It's also very difficult to sell a house with a strong curry smell, and although I'm not leaving soon, if my girlfriend (who I'm now nicknaming "Manjula") insists on cooking Indian regularly, I'll probably insist that she do it outside.

    I know Febreeze is intended more for fabric, but I emptied a can in the kitchen a few minutes ago. I've also got a bowl of vinegar sitting at ground zero, the over-the-stove fan filter in the dishwasher, and a fresh gallon of Simple Solution at the ready to apply at full strength should those fail.

    EG, thanks for writing back. I know you have firsthand knowledge, so I hope the smell goes away in a bit.

  11. #11
    Cyburbian Veloise's avatar
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    You could always try the simmer-a-pot-of-spices open house trick. Cinnamon, cloves, and ginger smell really good, and would add a base note to the curry.

    [got red beans & rice on the stove...]

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    Cyburbian Hceux's avatar
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    How about burning a bit of artificial vanilla on your stove range?

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    Cyburbian
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    have you taken out the trash yet?

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    Cyburbian Plus
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    Sorry don't know, don't cook with curry.

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    Super Moderator kjel's avatar
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    It does go away....eventually. Fresh air helps a lot.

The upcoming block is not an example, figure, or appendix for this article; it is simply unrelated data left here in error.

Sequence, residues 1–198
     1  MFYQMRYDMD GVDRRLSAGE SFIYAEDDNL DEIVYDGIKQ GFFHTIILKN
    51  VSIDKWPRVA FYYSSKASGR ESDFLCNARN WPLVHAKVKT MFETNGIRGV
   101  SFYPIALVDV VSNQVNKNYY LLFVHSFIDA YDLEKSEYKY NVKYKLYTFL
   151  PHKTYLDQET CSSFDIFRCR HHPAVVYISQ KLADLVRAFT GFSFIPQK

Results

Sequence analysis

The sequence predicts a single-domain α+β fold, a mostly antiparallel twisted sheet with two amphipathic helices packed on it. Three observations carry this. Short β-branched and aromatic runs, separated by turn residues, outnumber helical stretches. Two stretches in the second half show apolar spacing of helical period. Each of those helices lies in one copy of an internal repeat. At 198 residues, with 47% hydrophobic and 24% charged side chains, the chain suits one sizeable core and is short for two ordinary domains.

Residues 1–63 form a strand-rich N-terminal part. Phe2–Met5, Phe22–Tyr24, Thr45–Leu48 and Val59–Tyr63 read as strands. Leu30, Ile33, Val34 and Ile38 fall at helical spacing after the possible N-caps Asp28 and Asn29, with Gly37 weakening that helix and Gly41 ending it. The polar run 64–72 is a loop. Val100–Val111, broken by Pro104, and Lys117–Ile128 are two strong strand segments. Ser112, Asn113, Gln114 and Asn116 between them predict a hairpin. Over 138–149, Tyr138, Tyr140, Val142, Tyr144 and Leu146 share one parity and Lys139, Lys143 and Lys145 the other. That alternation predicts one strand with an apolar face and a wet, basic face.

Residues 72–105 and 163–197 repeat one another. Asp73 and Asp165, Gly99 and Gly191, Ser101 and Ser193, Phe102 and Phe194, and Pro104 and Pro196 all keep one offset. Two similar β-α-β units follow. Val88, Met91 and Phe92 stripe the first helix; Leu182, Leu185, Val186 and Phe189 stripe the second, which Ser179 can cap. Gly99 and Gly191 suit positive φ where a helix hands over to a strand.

"He defended the cause of the poor and needy, and so all went well. Is that not what it means to know me?" Jeremiah 22:16

  16. #16
    I think the solution is that the next time she cooks curry, you invite us all over to ear. Curry yum!

  17. #17
    maudit anglais
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    Quote Originally posted by Dan View post
    if my girlfriend (who I'm now nicknaming "Manjula") insists on cooking Indian regularly, I'll probably insist that she do it outside.
    I'm willing to bet that if you insist she cook outside, the problem will go away, but not in the way you're thinking. No offense Dan but you're sounding like a bit of an ingrate over this.

  18. #18
    Cyburbian Mud Princess's avatar
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    I had to laugh when I saw the title of this thread. Back in my college years, I used to love cooking Indian food... until one of my roommates (who to this day detests Indian food) threatened to kick me out of our apartment if I didn't cease & desist.

    I like Veloise's idea of simmering spices on the stove. I think there are some odor-neutralizing sprays on the market now. You could also encourage your girlfriend to bake bread or (better yet) make cookies the next day. Isn't that what realtors advise homesellers to do, to make the house smell really good?

  19. #19
    Cyburbian otterpop's avatar
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    Quote Originally posted by Tranplanner View post
    I'm willing to bet that if you insist she cook outside, the problem will go away, but not in the way you're thinking. No offense Dan but you're sounding like a bit of an ingrate over this.
    Yeah. Need to tread lightly. Or else the girlfriend might go away before the smell of curry does. I have an issue with my wife's overuse of cumin, but usually just eat it and shut up.
    "I am very good at reading women, but I get into trouble for using the Braille method."

    ~ Otterpop ~

  20. #20
    Cyburbia Administrator Dan's avatar
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    Quote Originally posted by Tranplanner View post
    No offense Dan but you're sounding like a bit of an ingrate over this.
    A bit offensive, Tran. I do have a sensitive sense of smell, and lingering odors really do bother me. If I have to respect her peeves, why can't it be mutual?

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    Cyburbian tsc's avatar
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    I have heard that boiling anise seeds gets rid of smells. ...at least fish smells. IMO...fish is worse than curry.